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How Clear Is Our Vocation, Lord

Author: Fred Pratt Green Meter: 8.6.8.8.6.6 Appears in 15 hymnals Lyrics: 1 How clear is our vocation, Lord, when once we heed ... Topics: Vocation Scripture: Isaiah 6:8 Used With Tune: REPTON

Called to God's Vocation

Author: Daniel B. Merrick Appears in 1 hymnal First Line: [Called to God's Vocation] Text Sources: New Honors For His Name (Wayne Leupold, 2004)
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We Are Called by One Vocation

Author: K. J. P. Spitta, 1801-59; R. Massie, 1800-87 Meter: 8.7.8.7.7.7 Appears in 1 hymnal Lyrics: ... We are called by one vocation, Membes of one family, Heirs ... Topics: Christian Unity and Peace; Trinity 4 Used With Tune: KOMM, O KOMM DU GEIST DES LEBENS

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REPTON

Composer: C. Hubert H. Parry Meter: 8.6.7.7.6.6 Appears in 60 hymnals Tune Key: E Flat Major Incipit: 15565 34551 1437 Used With Text: How Clear Is Our Vocation, Lord
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KOMM, O KOMM DU GEIST DES LEBENS

Meter: 8.7.8.7.7.7 Appears in 58 hymnals Tune Sources: Neu-vermehrtes…Gesangbuch, 3rd ed., Meiningen, 1693, alt. Tune Key: F Major Incipit: 31251 27567 11223 Used With Text: We Are Called by One Vocation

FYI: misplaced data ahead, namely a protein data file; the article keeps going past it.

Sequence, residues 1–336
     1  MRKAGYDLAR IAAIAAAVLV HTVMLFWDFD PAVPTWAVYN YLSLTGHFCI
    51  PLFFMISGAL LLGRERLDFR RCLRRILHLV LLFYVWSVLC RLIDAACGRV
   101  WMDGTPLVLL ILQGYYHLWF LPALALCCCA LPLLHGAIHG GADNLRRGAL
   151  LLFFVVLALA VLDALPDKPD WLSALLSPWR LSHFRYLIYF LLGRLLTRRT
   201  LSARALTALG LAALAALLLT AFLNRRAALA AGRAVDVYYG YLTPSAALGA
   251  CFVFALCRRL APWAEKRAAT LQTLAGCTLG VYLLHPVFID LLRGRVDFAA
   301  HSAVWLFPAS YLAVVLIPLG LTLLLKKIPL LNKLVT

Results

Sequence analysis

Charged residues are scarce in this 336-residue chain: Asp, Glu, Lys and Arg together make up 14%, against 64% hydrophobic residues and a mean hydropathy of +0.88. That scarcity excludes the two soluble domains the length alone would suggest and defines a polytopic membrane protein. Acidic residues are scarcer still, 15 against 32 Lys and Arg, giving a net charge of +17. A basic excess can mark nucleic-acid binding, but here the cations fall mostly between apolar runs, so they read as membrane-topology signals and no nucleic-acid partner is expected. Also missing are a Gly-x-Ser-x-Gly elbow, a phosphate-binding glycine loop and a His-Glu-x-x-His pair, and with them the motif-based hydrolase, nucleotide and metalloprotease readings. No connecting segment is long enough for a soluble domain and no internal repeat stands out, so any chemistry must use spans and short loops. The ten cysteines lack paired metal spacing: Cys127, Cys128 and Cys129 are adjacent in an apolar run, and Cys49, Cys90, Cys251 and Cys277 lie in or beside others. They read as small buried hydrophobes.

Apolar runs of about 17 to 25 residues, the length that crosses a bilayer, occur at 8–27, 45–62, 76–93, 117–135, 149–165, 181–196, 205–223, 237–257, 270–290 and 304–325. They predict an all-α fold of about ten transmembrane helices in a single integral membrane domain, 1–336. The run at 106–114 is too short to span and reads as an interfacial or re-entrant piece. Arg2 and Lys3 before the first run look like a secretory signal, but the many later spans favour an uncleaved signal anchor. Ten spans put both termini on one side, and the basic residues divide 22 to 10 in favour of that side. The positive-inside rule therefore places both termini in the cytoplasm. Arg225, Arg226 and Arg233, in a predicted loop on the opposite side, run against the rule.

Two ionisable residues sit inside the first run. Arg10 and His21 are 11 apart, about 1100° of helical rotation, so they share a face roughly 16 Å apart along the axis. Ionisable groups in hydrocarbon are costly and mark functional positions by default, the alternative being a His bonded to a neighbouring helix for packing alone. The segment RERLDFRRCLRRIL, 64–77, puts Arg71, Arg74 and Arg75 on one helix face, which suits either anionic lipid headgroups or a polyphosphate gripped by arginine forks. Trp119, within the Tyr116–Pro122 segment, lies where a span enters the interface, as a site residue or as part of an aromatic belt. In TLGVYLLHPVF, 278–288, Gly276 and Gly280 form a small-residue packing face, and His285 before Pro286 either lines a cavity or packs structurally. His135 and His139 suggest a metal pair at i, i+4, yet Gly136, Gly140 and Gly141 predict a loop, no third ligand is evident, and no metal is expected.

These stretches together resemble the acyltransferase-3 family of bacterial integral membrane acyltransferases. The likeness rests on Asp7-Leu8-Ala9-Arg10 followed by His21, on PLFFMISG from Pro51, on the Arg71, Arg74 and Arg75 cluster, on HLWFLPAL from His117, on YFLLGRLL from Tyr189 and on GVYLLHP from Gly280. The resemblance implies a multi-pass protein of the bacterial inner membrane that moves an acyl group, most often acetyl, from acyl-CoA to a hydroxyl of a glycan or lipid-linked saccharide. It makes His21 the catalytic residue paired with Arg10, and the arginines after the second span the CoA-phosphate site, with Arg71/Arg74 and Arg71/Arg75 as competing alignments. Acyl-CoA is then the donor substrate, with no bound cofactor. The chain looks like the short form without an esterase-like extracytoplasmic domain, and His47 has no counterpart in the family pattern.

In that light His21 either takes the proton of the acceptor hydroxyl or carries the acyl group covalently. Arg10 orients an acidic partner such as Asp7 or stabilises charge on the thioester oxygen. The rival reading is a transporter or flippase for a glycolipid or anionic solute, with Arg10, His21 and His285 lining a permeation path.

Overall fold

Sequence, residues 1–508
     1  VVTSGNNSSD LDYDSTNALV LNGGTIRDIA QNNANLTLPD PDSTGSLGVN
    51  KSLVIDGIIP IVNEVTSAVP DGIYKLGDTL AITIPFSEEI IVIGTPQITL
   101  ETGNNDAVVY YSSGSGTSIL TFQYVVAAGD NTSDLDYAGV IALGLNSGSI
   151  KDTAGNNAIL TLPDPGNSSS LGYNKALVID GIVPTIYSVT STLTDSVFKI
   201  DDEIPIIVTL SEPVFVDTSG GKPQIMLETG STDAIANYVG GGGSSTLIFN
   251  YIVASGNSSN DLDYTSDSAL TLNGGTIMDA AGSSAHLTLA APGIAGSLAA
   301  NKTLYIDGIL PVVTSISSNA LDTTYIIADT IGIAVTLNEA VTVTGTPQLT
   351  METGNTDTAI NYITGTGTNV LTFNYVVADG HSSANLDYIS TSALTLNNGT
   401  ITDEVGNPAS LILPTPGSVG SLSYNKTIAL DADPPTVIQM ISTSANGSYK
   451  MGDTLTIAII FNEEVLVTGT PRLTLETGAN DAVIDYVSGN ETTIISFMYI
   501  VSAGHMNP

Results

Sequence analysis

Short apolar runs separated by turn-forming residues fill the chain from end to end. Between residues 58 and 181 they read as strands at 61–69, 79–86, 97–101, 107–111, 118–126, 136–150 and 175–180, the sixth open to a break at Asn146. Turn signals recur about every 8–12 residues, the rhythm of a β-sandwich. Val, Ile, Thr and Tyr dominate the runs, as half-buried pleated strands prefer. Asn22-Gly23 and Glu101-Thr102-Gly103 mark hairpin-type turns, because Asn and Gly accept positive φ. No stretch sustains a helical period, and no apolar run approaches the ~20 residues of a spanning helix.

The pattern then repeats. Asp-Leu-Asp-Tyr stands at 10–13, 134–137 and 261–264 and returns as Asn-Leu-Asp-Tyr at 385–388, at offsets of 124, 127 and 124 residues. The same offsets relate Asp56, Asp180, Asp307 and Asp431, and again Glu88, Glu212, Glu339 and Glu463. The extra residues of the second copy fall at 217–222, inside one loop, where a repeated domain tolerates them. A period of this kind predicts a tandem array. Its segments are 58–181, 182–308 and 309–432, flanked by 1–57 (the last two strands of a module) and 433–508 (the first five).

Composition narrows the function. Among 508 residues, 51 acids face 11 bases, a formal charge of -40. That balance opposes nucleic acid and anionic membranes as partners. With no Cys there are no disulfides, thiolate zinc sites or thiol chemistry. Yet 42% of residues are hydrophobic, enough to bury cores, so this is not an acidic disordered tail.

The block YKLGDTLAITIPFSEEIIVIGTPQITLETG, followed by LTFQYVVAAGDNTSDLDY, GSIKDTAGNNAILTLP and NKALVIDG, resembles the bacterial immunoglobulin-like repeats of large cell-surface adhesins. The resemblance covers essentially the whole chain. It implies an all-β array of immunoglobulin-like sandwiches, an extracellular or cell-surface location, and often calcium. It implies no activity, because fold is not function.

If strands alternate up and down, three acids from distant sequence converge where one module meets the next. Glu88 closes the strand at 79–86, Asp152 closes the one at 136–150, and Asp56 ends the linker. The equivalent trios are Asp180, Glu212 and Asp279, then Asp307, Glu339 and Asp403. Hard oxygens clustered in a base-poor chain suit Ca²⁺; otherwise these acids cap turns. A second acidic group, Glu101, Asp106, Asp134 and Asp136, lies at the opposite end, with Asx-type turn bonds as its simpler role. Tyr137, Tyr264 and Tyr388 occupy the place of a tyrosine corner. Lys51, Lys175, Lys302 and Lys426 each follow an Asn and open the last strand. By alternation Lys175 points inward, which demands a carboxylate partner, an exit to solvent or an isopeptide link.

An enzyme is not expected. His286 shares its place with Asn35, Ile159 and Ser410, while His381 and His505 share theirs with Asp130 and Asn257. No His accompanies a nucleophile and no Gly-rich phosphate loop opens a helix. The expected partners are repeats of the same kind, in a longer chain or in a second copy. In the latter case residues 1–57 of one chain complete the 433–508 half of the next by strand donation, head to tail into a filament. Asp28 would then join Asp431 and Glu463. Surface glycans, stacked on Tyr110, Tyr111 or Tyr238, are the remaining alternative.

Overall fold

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SONG 34

Composer: Orlando Gibbons (1583-1625) Meter: 8.8.8.8 Appears in 60 hymnals Tune Key: F Major Incipit: 11123 42513 45254 Used With Text: Forth in thy name, O Lord, I go

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How Clear Is Our Vocation, Lord

Author: Fred Pratt Green Hymnal: The Worshiping Church #395 (1990) Meter: 8.6.7.7.6.6 Lyrics: 1 How clear is our vocation, Lord, when once we heed ... Topics: God in Society Work and Leisure Scripture: Romans 11:29 Languages: English Tune Title: REPTON

How clear is our vocation, Lord

Author: Fred Pratt Green Hymnal: Hymnal #541 (1992) Tune Title: REPTON
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How Clear Is Our Vocation, Lord

Author: Fred Pratt Green, 1903-2000 Hymnal: Worship and Rejoice #573 (2008) Meter: 8.6.8.8.6.6 Lyrics: 1 How clear is our vocation, Lord, when once we heed ... Topics: Labor & Leisure Scripture: Luke 9:23 Languages: English Tune Title: REPTON

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C. Hubert H. Parry